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What is the proper HTML if I want to alternate the number of cells in each row? I want 2 cells is row 1, 3 in row 2, 2 in 3 , 3 in 4 etc...Similiar to a brick wall. I have this so far, but it doesn't render like I would like. I know I could do this nesting tables, but can I do this with one table? Thanks, ck

<table border="1" cellpadding="10">
  <tr>
    <td colspan="1.5"> <span> X </span> </td> 
    <td colspan="1.5"> <span> X </span> </td> 
  </tr>
  <tr>
    <td> <span> X </span> </td> 
    <td> <span> X </span> </td> 
    <td> <span> X </span> </td> 
 </tr>
 <tr>
    <td colspan="1.5"> <span> X </span> </td> 
    <td colspan="1.5"> <span> X </span> </td>
  </tr>
  <tr>
    <td> <span> X </span> </td> 
    <td> <span> X </span> </td> 
    <td> <span> X </span> </td> 
 </tr>
 <tr>
    <td colspan="1.5"> <span> X </span> </td> 
    <td colspan="1.5"> <span> X </span> </td>
  </tr>
  <tr>
    <td> <span> X </span> </td> 
    <td> <span> X </span> </td> 
    <td> <span> X </span> </td> 
 </tr>
</table>
share|improve this question
    
Rex, how did u properly format my html? I pasted using the code button, but I never seem to post html properly. How do I get the browser to ignore the html instead of processing it? –  Hcabnettek Oct 24 '09 at 21:30
    
You need to paste, then select your code, then hit the code button –  Greg Oct 24 '09 at 21:31
    
@Kettenbach code needs to be indented 4 spaces. The 'code' button will do this automatically, or you can do it yourself. –  Rex M Oct 24 '09 at 21:32

4 Answers 4

up vote 4 down vote accepted

You can't have a cell span fractional widths. Instead, you need to find the least common denominator for the number of rows in the lower and upper ranges. In your example, 2 and 3, which is 6 - so your table is 6 cells wide, with the even rows spanning 3 each and the odd rows spanning 2 each.

<table width="360">
    <tr>
        <td align="center" width="180" colspan="3">x</td>
        <td align="center" width="180" colspan="3">x</td>
    </tr>
    <tr>
        <td align="center" width="120" colspan="2">x</td>
        <td align="center" width="120" colspan="2">x</td>
        <td align="center" width="120" colspan="2">x</td>
    </tr>
</table>

Note the table width is easily divisible by 2 and 3, and the widths are explicitly set in each cell.

share|improve this answer
    
Thats what I needed Rex. Thanks! –  Hcabnettek Oct 24 '09 at 21:37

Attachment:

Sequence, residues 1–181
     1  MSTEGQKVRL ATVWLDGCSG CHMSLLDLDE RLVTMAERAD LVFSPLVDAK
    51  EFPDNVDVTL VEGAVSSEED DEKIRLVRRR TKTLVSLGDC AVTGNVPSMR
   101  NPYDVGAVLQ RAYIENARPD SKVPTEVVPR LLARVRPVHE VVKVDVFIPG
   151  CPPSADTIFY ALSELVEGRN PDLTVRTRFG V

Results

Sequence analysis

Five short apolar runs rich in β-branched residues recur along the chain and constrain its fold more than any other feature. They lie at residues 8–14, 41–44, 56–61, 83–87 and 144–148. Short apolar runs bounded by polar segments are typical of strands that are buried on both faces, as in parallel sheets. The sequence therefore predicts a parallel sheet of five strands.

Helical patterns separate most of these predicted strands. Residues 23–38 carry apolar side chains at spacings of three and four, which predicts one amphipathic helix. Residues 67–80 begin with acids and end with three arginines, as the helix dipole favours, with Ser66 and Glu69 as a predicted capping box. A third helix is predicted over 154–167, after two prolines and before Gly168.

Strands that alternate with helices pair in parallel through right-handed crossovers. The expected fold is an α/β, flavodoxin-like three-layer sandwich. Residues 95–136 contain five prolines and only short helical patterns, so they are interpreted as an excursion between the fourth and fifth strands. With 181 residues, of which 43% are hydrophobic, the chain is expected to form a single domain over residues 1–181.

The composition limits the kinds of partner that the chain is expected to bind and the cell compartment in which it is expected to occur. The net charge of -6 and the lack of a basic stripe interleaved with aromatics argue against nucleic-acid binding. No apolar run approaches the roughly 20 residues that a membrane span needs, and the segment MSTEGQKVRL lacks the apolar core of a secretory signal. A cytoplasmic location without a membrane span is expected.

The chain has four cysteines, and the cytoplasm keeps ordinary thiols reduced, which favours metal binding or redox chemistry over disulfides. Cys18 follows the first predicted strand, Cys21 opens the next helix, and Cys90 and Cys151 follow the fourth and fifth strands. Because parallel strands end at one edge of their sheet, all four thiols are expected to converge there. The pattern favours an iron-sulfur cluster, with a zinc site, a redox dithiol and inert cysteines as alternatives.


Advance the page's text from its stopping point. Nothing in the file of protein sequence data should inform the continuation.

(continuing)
One way to do it would be via CSS. You would set up a table that is as large as you need it (4x4, for example), then apply a style to each cell as appropriate. There would be two styles, brick and empty, one signifying a "brick" and the other signifying empty space.

So, you could do something like the following:

<html>
<head>
<style type="text/css">
  td { border-style:none; width:30px; }
  td.brick { border-style:solid; border-color:black; border-width:1px; }
</style>
</head>
<body>
<table>
<tr><td class="brick">&nbsp;</td><td></td><td></td><td></td></tr>
<tr><td class="brick">&nbsp;</td><td class="brick">&nbsp;</td><td></td><td></td></tr>
<tr><td class="brick">&nbsp;</td><td class="brick">&nbsp;</td><td class="brick">&nbsp;</td><td></td></tr>
<tr><td class="brick">&nbsp;</td><td class="brick">&nbsp;</td><td class="brick">&nbsp;</td><td class="brick">&nbsp;</td></tr>
</table>
</body>
</html>
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<table>
<tr>
 <td colspan="2">X</td>
 <td colspan="2">X</td>
 <td colspan="2">X</td>
 <td>Y</td>
</tr>
<tr>
 <td>Y</td>
 <td colspan="2">X</td>
 <td colspan="2">X</td>
 <td colspan="2">X</td>
</tr>
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I am pretty sure that colspans must have an integer value, fractions aren't allowed. You could try adding a dummy cell with 0 width, 0 padding, 0 margin on the 3-cell line.

<tr>
    <td colspan="2"> <span> X </span> </td> 
    <td colspan="2"> <span> X </span> </td> 
  </tr>
  <tr>
    <td> <span> X </span> </td> 
    <td> <span> X </span> </td> 
    <td> <span> X </span> </td> 
    <td><!-- dummy !--></td> 
</tr>
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